Delaware North Companies (DNC) has emerged with the surprise winning bid of $80.4 million for bankrupt Delta Queen Steamboat CO. 's 176-passenger Delta Queen, 402-passenger Mississippi Queen, and 420-passenger American Queen. Included in the price is acquisition of the brand name and all assets (equipment, office systems, etc.), while $47 million of that total represents DNC's assumption of the remaining debt on the American Queen to the U.S. Maritime Administration (MARAD).

DNC continues to negotiate with MARAD for the purchase of the fourth and final steamboat in the fleet, the 174-passenger Columbia Queen, which is also reportedly being eyed by American West Steamboat CO.

Although new to cruising, DNC has extensive leisure and concessionaire holdings worldwide, explained Dennis Szefel, president of the Delaware North Hospitality and Entertainment Group. In total, DNC does $1.3 billion in revenues annually and has 25,000 employees in the United States, Canada and the Pacific Rim. DNC manages hotels and visitor services in the Yosemite and Sequoia National Park, and owns a hotel and conference center in California. Other leisure activities include management of the Kennedy Space Center, and operation of all retail at Yellowstone National Park beginning in 2003. DNC's non-leisure units operate pari-mutuel racetracks, airport food service and retail concessions; and retail and dining service at professional sporting venues, including Boston's Fleetcenter (DNC Chairman Jeremy Jacobs owns the Boston Bruins hockey team).

"We have a diversified hospitality background," Szefel continued, "and we are open to new opportumhes like Delta Queen." Under DNC ownership, the steamboat operation will benefit "from economies of scale in marketing and advertising, and certainly in purchasing, as well as in all other corporate services," he said. Additional synergies involve the promotion of the steamboats at the national parks and other attractions in DNC's portfolio. "We have a whole range of guests staying with us at Yosemite and Sequoia who may not know about the steamboats, and we're going to educate them."

In particular, noted Szefel, this promotional avenue will be used to tap a relatively new market for Delta Queen: European passengers. "That's the key area for growth," he said, estimating that as much as 30 percent of the guests at Kennedy Space Center are foreign tourists.

Asked how the new owners will make changes on the operational front, Szefel commented, "We're obviously just starting the process of reviewing that now - we don't actually close on the sale until the end of the month. But one of the things that really drew us to this company and really impressed us was Delta Queen's management, so we will be leaving the day-to­-day operations to the management" in New Orleans, he said, where the company's operations will continue to be based.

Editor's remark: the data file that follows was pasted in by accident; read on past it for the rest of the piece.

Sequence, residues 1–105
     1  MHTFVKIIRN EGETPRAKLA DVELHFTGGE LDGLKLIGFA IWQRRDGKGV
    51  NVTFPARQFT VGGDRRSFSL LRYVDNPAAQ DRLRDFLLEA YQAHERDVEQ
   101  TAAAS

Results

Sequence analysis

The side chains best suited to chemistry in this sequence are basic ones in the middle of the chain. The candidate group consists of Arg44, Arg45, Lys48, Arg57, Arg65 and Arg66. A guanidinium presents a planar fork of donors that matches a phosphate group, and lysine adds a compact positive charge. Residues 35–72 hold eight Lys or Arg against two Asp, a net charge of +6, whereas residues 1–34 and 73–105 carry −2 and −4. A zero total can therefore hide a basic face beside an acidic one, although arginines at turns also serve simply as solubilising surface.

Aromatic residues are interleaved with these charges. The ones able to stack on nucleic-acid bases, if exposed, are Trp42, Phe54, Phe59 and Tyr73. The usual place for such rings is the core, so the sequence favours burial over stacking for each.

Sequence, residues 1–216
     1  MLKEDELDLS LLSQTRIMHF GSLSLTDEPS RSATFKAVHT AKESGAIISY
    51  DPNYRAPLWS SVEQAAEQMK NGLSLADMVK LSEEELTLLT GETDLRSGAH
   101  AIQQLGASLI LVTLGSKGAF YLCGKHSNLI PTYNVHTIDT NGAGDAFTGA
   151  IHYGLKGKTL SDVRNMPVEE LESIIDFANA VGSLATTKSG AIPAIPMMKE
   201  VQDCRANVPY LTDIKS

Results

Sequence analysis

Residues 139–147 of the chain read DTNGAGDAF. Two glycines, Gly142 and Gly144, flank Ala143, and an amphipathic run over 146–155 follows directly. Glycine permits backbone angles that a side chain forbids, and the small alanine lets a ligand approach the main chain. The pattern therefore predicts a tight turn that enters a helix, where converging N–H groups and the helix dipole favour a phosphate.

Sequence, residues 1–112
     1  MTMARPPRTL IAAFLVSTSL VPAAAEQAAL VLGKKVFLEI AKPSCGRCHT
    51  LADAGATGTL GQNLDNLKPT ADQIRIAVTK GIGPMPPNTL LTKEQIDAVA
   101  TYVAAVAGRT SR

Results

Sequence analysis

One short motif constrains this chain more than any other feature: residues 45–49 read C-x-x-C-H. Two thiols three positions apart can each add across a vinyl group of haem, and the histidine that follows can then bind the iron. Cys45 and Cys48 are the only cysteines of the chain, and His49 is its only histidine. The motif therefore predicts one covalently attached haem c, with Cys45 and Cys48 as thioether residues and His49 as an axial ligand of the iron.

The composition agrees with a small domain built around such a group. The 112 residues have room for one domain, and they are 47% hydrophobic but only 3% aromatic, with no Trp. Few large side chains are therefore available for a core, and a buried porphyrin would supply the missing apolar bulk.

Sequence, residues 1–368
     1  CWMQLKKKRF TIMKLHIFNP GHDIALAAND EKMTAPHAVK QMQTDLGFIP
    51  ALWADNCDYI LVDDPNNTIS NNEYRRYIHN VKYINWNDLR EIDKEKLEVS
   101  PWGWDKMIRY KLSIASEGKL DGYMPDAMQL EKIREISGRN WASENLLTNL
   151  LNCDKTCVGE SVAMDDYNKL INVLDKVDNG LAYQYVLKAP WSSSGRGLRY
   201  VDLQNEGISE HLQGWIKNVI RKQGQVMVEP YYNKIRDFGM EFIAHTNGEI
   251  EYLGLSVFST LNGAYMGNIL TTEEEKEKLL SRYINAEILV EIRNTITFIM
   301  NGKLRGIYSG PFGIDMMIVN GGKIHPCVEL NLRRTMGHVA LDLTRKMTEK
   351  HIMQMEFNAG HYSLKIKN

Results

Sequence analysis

Added Szefel: "We never looked at this as a turnaround operation. The financial problems at AMCV were not the result of the steamboats. They were elsewhere."

That said, given the very public failure of AMCV, Szefel acknowledged, "It will probably take a year or so for there to be an awareness among both the guests and travel agents that everything is back to normal and all their concerns have been put to rest."

Since the AMCV bankruptcy filing last year, cruises aboard both the Delta Queen and Mississippi Queen have been sold to consumers, with the intention of bringing the vessels back online this year. The Mississippi Queen began sailing as planned on May 7; the Delta Queen will start up Aug. 26. According to Szefel, the American Queen is expected to return to service on Jan. 18, 2003. "I don't see how we can get that ship back into service this year," he said.

"In the immediate future," he said, the three steamboats "will feature the same rates and same itineraries" as before the bankruptcy. "They were very successful and had a very loyal following, and that's in addition to the new ridership we'll create." If DNC is successful in its acquisition talks with MARAD for the Columbia Queen, the vessel will likewise remain in its former cruising grounds in the Pacific Northwest.

Asked whether the Delta Queen fleet possesses its own protected niche in the cruise market, Szefel answered, "It's always a mistake to think your market is unassailable. The Delta Queen product is unique, but we understand that we compete in the broader leisure market - with other cruise lines and other hospitality products."

When asked for his opinion of conditions this year in that broader leisure market, Szefel said, "I wish my crystal ball was a little less foggy, but it looks in general like the domestic U.S. market will probably do pretty well, and Delta Queen offers a unique way to take another look at the United States."

The DNC growth strategy, he said, is to target acquisitions "where we basically believe we have the underlying capability." Once that capability is proven, DNC is then in the position to grow the business further.